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Indianapolis Schools make up the state’s largest school district. Recently Indianapolis Schools have been the focus of a reform package designed to target struggling schools in the state. Due to its immense size, the superintendent has implemented strict reforms that can control and equalize the pacing of individual Indianapolis Schools. However, this most recent motion to tack on an extra 25 days at the end of the year has been met with opposition from all sides.

The Indianapolis Public Schools Teachers Union has expressed displeasure at this development. The extra school days would apply to only four Indianapolis Schools that are believed to be in jeopardy. The progress of each Indianapolis School has been tracked in accordance to the No Child Left Behind Act, which requires annual evidence of improvement. If no evidence is produced then, according to the act, the schools must be shut down. The progress of the four Indianapolis Schools did not reach necessary standards. In a last ditch attempt to save these schools the superintendent hastily produced an unpopular extension of the school year.

Teachers were informed that they would be required to work the extra days or transfer to different Indianapolis Schools. Because of the time constraints, many teachers feel that the situation was handled poorly and that the information dispensed too late. The extra days, scheduled to begin July 23, would sabotage many summer plans for the teachers in these Indianapolis Schools. Overall there is a general consensus that the situation had been poorly and thoughtlessly handled by the school boards.

This is not the first sweeping reform to target Indianapolis Schools. In the past, the superintendent has advocated standardized tests and restricted teaching methods. These programs were completed in keeping with the standards reform that continues to invade districts across the nation. Teachers in these Indianapolis Schools complied with both constraints and reforms in action if not enthusiasm.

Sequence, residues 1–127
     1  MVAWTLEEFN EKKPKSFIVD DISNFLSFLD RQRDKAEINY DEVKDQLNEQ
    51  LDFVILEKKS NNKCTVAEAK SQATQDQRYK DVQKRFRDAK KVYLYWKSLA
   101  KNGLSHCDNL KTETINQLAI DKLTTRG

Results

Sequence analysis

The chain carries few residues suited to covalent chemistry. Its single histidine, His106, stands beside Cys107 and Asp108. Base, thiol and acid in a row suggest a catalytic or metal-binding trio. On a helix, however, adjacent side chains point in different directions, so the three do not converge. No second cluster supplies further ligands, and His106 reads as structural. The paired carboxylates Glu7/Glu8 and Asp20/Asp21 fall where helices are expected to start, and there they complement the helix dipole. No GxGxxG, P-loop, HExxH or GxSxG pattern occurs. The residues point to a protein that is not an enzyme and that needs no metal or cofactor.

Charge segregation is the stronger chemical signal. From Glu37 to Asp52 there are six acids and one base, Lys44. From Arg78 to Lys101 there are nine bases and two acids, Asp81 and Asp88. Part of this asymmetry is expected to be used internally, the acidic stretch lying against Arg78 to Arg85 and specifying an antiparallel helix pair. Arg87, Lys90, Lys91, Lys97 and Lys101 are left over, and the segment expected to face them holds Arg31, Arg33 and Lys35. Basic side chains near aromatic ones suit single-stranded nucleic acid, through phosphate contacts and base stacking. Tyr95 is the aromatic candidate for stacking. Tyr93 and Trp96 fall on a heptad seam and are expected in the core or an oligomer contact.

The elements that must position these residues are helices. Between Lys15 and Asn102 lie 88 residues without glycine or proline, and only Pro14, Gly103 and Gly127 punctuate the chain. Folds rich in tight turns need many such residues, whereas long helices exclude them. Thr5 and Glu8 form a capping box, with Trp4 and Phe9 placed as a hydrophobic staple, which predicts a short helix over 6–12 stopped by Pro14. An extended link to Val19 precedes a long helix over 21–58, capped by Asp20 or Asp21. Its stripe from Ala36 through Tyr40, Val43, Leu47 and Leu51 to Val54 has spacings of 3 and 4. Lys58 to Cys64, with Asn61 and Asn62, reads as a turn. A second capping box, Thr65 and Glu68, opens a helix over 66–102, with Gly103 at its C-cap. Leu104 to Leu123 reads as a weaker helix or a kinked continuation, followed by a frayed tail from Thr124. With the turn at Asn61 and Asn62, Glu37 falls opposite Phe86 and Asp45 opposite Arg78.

But this most recent dictate has many teachers complaining loudly. The Indianapolis Public School Teachers Union has appealed their case to a state board. They hope that the ruling will favor elimination of the extra school days proposal. Indianapolis Schools may be struggling, but teachers feel that something should have been done sooner to reverse the pattern of failure. Teachers feel that time is running and have asked that their case be moved to top priority. A decision must be made before the start date of extra days begins on July 23.

Aside from the reaction of the teachers, Indianapolis Schools saw the effect this decision would have on students and parents. Since the extra days would benefit struggling students, parents were able to see the positive aspects of this initiative. Many parents viewed the extended school year as a small inconvenience in exchange for the survival of their Indianapolis Schools. Yet other working parents expressed relief at having somewhere structured for children to go over the summer. All sides agree that Indianapolis Schools need to address similar issues before they occur to prevent another similar fiasco.

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Patricia Hawke has 1 articles online

Patricia Hawke is a staff writer for Schools K-12, providing free, in-depth reports on all U.S. public and private K-12 schools. For more information please visit Indianapolis Schools

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This article was published on 2010/01/26